6. St. Louis CardinalsAverage ticket price: $33.11 Change from 2012: +3.7% OK, so the Cards are only a year removed from a World Series title and made the most of their Wild Card spot last year despite losing slugger Albert Pujols and manager Tony LaRussa. Did that really warrant a ticket price hike? Kind of. Sustained excellence is as much of a driver for price increases as titles are. If the folks keep coming out and the playoff appearances keep happening, the tickets won't get any cheaper. Until the team slacks off for any length of time, however, success comes at a price.
5. Washington NationalsAverage ticket price: $35.24 Change from 2012: +15.4% Of course, some teams just get a small taste of glory and start seeing dollar signs. After the Nationals' first-ever playoff appearance last year -- a 3-2 loss to the Cardinals in the division series -- the Nats jacked up ticket prices and started selling 16-ounce beers for $8.25 a pop. In fairness, the Nationals play in a major market that the Montreal Expos were moved to with the understanding that they'd be able to cash in on it. With young stars such as Bryce Harper and Stephen Strasburg, owner Ted Lerner and Nats fans are optimistic about the days ahead. That's great, especially considering teams with one winning season in eight years usually don't get to jack up prices at will.
4. Philadelphia PhilliesAverage ticket price: $37.42 Change from 2012:None Sometimes, not changing the price at all is the best indication something is wrong. Last year's .500 season did little to convince fans that a follow-up to the Phillies' 2008 World Series win was coming any time soon. Chase Utley and Ryan Howard were injured shells of their former selves. Aces Roy Halladay, Cliff Lee and Cole Hamels looked vulnerable. More importantly, the balance of power in the NL East had shifted south to D.C. and Atlanta. It's already been tough for the Phillies early on, and standing pat on prices looks like the team's way of saying it's as uncertain about 2013 as fans are.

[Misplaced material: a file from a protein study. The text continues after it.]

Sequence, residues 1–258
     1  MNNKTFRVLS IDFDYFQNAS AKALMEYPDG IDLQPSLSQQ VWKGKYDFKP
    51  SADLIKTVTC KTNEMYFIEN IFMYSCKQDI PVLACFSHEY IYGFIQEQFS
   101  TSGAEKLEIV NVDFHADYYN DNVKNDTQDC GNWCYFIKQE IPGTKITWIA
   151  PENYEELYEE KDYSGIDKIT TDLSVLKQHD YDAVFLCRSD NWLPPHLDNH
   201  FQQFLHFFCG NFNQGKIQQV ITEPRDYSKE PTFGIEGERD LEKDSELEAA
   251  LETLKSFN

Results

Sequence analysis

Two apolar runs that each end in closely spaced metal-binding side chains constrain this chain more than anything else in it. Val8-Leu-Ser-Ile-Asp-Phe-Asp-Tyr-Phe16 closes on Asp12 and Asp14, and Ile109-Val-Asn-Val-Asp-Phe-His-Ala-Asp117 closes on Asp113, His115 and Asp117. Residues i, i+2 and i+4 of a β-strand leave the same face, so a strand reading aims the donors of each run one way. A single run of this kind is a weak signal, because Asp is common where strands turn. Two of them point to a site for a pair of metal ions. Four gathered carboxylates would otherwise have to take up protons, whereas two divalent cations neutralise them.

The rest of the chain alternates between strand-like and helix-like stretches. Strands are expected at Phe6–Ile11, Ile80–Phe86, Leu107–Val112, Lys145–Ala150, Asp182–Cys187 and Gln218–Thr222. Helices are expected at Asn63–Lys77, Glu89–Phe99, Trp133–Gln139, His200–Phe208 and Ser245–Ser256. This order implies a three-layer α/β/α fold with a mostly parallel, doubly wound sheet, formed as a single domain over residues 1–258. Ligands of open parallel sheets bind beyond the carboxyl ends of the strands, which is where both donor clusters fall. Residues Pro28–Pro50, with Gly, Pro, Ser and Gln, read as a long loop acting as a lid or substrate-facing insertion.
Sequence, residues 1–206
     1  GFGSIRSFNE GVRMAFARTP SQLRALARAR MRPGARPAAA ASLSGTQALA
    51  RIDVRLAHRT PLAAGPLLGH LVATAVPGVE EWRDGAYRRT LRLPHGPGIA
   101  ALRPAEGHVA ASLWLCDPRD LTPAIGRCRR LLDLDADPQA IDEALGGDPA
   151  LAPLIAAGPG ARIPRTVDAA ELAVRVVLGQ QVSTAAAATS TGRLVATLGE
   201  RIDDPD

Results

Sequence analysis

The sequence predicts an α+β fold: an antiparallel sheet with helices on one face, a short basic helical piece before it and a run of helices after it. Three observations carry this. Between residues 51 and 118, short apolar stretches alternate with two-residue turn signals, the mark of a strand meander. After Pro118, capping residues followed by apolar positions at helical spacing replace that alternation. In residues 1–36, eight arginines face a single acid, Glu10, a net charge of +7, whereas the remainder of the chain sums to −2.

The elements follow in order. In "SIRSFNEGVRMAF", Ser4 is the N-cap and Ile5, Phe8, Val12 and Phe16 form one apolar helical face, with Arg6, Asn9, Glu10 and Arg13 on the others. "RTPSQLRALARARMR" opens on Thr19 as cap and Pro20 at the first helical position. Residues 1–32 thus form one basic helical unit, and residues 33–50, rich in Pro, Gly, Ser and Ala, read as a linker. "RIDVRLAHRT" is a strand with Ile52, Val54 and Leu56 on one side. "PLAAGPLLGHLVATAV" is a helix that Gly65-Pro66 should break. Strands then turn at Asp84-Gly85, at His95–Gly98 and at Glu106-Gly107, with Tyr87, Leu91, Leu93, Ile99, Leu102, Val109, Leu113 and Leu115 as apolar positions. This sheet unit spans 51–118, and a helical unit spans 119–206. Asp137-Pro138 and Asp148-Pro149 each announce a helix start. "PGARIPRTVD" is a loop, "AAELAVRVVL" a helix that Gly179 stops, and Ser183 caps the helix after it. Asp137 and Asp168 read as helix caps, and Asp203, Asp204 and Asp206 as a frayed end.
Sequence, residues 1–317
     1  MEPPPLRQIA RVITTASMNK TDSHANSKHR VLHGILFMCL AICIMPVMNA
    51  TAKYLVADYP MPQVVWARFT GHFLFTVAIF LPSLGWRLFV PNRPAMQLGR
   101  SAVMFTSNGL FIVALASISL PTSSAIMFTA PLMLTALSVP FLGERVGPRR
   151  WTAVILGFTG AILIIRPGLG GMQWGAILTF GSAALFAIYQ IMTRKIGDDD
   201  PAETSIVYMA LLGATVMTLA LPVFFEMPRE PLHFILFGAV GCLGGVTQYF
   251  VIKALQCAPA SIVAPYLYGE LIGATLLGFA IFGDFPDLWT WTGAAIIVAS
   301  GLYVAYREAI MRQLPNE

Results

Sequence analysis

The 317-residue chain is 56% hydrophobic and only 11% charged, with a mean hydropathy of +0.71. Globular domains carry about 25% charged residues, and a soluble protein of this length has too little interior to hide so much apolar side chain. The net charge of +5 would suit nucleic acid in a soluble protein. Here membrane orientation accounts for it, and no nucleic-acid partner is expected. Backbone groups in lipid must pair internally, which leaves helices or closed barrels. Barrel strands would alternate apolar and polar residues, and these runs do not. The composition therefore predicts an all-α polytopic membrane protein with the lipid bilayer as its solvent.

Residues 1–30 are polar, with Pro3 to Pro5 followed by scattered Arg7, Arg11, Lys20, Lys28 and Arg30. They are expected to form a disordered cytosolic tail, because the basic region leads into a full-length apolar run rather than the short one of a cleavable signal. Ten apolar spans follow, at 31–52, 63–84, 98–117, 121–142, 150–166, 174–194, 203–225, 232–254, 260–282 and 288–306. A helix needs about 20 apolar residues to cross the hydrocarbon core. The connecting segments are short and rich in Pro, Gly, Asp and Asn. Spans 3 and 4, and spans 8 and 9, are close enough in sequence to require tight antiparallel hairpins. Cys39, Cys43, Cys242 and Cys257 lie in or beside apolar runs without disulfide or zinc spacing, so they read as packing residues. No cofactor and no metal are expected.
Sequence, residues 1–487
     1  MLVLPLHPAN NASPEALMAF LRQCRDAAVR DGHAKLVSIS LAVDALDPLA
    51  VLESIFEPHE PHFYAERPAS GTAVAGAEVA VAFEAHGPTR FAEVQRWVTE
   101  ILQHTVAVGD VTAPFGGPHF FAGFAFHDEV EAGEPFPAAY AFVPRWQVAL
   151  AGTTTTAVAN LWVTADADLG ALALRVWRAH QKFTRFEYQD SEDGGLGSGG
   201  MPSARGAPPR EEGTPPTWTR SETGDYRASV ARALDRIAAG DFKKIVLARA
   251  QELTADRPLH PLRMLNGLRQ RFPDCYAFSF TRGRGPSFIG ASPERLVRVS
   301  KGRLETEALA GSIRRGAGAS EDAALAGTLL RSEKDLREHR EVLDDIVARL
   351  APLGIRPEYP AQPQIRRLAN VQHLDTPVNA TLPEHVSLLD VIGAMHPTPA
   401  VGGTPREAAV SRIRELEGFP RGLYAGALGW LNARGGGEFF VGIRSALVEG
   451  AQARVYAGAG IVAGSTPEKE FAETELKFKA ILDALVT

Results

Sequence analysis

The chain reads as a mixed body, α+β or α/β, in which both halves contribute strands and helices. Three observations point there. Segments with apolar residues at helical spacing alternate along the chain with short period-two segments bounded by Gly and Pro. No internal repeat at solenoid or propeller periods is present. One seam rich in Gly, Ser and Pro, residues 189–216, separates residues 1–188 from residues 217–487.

3. Chicago CubsAverage ticket price: $44.55 Change from 2012: -3.8% You're just paying to maintain the ivy at this point. That $44.55 is for antique maintenance and little more as General Manager Theo Epstein continues to stare up from the bottom of the NL Central and wonder how the other teams do it. It doesn't help that the only team worse than the Cubs in the National League last year -- the Astros -- fled for the AL. While nearly 4% price cut is a nod to fans who know all isn't well, a few wins wouldn't hurt, either.
2. New York YankeesAverage ticket price: $51.55 Change from 2012: None The team still has a payroll of more than $200 million, even if much of that money is on the injured reserve list. It still has a creaky core that waved goodbye to the sunny side of its 30s a long time ago. Its management has lost the ability to not only identify good offseason moves, but to recognize craft beer. Still, the Yankees haven't had a losing season since 1992, have missed the playoffs only once in since 1994 and have made it to the American League Championship Series in three of the past four years. They're not lowering prices any time soon.
1. Boston Red SoxAverage ticket price: $53.38 Change from 2012: None In deference to all Boston's been through recently, we'll just leave this alone for now. There's a time to revisit this topic in greater detail, but this isn't it. -- Written by Jason Notte in Portland, Ore. >To contact the writer of this article, click here: Jason Notte. >To follow the writer on Twitter, go to http://twitter.com/notteham. >To submit a news tip, send an email to: firstname.lastname@example.org.